Política y locura: narrar la historia argentina en tres cuentos de Rodolfo Walsh
Ana María Amar Sánchez
University of California - Irvine
The article focuses on madness in three short stories by Rodolfo Walsh—“Cartas” [“Letters”], “Fotos” [“Photos”], and “Nota al pie” [“Footnote”]—from two collections of fiction that were published in the 1960s. The short stories explore the “Infamous Decade” and Peronism, events that comprise a complex chapter of twentieth-century Argentinian history, from Yrigoyen to Perón and the coups d’Etat that restored conservatives to power. What is the function of insanity, and what does it mean to “go crazy,” in these stories? The representation of madness is linked to a reading of Argentinian history and politics. The insanity of these characters has its origins in social, economic, and political conditions. In this context, these characters—and the possibility of a world or a life different from that imposed by power—are not merely an anomaly, but a threat. Those who “go insane” are victims of the system; they are those who could not survive within, adapt to, and/or control themselves as required by the system. These lunatics are thus the memory of a historical experience that is marked, ironically, by senselessness in power and politics.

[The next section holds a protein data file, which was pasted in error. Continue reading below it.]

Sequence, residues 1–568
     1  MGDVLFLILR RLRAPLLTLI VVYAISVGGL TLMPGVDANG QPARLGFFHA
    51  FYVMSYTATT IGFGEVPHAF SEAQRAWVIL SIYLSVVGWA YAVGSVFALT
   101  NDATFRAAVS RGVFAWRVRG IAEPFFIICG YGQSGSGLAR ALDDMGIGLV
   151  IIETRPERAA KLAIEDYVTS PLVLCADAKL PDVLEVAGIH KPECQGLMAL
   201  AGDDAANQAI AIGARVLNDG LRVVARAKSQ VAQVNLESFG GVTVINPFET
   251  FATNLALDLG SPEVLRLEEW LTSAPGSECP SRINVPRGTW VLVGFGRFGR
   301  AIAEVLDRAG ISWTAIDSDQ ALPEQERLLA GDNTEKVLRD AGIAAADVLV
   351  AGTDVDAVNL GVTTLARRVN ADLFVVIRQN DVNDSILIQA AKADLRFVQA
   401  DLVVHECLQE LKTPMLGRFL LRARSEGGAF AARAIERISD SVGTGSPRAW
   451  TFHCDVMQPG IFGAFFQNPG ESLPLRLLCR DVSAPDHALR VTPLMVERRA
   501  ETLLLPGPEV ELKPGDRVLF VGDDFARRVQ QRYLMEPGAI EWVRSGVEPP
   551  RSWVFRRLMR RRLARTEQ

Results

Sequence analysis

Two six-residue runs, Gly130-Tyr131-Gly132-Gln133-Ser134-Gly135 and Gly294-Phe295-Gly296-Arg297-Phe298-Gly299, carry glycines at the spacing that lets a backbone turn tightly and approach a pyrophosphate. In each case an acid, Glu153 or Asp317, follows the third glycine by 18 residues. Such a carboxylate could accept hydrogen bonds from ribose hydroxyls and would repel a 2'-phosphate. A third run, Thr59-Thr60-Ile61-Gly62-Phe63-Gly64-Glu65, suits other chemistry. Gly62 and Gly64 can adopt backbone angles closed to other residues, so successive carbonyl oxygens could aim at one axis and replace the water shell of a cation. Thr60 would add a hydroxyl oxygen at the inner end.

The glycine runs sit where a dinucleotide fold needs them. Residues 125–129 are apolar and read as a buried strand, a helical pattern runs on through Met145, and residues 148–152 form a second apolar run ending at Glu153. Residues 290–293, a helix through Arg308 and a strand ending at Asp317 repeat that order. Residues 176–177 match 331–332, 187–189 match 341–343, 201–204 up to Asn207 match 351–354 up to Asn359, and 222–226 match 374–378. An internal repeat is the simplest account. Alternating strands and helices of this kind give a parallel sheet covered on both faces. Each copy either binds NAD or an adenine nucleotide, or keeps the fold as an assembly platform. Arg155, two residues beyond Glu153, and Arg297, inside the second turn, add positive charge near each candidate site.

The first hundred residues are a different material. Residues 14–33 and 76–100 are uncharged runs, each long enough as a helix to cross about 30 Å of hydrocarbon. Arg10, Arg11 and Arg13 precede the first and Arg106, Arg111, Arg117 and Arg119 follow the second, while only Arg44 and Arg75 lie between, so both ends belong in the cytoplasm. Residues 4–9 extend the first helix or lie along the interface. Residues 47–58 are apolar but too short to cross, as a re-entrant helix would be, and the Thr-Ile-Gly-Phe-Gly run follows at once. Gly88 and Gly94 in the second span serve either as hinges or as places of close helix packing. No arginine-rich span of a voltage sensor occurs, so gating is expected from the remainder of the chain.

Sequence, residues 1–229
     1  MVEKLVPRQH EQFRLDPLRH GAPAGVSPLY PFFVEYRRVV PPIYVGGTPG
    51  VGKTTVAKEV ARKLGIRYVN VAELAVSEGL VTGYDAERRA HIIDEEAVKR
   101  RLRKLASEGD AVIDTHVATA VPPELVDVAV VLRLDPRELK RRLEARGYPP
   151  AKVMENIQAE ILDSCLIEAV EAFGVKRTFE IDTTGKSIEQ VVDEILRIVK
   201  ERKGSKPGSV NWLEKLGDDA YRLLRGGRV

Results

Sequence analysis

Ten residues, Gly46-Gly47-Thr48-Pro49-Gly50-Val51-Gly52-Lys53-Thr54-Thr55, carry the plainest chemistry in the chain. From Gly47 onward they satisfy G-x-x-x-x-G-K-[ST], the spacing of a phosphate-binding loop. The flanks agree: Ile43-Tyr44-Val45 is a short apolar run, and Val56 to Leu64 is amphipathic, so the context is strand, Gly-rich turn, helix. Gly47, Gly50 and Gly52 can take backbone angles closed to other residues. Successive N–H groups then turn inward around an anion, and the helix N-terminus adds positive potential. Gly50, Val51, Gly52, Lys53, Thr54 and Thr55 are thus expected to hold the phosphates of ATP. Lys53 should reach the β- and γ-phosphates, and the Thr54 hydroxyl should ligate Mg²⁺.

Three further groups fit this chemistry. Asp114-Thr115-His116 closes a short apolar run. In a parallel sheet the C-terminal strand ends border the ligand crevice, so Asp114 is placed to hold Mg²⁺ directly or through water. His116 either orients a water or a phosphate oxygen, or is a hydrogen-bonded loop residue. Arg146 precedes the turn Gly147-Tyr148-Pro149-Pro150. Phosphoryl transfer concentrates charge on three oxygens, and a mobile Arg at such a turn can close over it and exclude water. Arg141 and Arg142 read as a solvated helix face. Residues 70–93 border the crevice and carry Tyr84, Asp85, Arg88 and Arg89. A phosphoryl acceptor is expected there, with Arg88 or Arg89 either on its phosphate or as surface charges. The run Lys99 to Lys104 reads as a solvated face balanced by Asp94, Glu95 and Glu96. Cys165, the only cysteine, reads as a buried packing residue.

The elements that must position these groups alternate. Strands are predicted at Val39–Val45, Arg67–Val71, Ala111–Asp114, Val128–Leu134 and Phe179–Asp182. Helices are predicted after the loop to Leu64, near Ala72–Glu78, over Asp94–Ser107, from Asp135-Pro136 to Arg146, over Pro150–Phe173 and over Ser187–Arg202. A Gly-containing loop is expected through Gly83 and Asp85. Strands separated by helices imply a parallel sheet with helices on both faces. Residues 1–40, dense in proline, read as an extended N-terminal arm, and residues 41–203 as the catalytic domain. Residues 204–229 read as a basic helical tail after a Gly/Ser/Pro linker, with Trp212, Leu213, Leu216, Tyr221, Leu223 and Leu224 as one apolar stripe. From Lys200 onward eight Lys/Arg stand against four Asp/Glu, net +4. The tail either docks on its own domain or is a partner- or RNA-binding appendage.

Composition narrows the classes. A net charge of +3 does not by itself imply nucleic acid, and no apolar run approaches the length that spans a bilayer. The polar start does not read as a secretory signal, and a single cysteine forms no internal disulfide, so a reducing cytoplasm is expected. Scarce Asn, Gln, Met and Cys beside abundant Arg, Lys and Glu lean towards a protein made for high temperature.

Full text available in Spanish.